The fight against polio did not really get under way until 1938 when the National Foundation for Infantile Paralysis was born. Basil O'Connor, the former law partner of President Roosevelt, headed it. That same year, the first March of Dimes fundraising program was set up, with radio networks offering free 30-second slots for promotion. Listeners were asked to send in a dime and the White House received 2,680,000 letters within days.

In early 2009, the American Public Broadcasting Service (PBS), aired the  documentary film, American Experience: The Polio Crusade. The documentary, available on DVD, can also be viewed online: PBS video, 1 hr.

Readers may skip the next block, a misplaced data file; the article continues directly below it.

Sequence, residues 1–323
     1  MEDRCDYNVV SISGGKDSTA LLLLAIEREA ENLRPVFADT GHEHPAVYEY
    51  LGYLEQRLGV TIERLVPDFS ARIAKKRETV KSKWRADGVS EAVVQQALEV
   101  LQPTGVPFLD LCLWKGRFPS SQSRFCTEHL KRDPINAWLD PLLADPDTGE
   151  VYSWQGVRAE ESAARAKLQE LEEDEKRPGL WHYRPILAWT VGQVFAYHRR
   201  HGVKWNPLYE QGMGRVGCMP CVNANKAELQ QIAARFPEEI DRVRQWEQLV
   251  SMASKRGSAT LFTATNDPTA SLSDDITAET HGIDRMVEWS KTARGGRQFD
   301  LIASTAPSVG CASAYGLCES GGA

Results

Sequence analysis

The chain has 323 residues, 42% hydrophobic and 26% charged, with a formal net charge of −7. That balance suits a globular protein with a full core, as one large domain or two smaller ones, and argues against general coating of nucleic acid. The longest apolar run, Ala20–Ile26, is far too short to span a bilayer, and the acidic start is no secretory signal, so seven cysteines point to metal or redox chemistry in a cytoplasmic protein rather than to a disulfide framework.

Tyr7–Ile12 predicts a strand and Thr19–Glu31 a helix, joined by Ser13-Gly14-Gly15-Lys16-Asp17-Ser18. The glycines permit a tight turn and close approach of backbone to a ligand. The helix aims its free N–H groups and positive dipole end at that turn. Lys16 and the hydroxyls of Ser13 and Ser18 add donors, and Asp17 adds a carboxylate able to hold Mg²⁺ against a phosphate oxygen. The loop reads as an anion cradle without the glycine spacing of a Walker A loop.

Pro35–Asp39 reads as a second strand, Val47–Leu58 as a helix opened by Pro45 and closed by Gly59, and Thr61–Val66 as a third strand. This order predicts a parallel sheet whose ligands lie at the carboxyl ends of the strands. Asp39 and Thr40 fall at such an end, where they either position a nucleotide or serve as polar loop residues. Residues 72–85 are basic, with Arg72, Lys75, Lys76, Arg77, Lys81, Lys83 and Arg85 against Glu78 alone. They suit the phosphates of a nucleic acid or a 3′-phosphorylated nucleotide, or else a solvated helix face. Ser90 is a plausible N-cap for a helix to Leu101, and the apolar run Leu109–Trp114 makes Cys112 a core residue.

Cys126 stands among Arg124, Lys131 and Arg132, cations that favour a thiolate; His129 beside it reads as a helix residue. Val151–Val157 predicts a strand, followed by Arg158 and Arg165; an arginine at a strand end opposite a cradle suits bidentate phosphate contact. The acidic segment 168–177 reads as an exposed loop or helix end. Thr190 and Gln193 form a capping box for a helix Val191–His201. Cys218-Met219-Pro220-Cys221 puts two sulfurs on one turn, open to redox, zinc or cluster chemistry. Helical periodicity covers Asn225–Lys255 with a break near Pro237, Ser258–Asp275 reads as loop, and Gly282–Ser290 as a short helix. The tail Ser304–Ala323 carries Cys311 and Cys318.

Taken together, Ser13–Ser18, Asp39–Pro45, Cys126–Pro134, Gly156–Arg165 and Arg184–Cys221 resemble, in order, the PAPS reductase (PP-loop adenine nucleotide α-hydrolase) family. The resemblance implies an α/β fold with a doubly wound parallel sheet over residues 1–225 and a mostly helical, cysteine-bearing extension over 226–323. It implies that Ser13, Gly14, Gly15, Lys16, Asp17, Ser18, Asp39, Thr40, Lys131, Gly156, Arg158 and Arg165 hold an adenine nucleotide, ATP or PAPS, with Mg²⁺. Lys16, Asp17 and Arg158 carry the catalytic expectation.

Visit your local library to obtain resources on this topic.

Splendid solution: Jonas Salk and the Conquest of Polio
Jeffrey Kluger, (2004).

The Cutter Incident: how America’s First Polio Vaccine Led to the Growing Vaccine Crisis
Paul A. Offit,  (2005).

Polio: an American Story
David M. Oshinsky,   (2005).

Dirt and Disease: Polio Before FDR
Naomi Rogers, (1992).

Jonas Salk and the Polio Vaccine
The Dwight D. Eisenhower Presidential Library.



1. Article illustration: A Somali boy is injected with inactivated poliovirus vaccine (Mogadishu, 1993).

2. Rushing polio-stricken child to hospital, 1948

4. Magazine photo of Jonas Salk in laboratory.

5. 1963 poster featuring CDC’s national symbol of public health, the "Wellbee."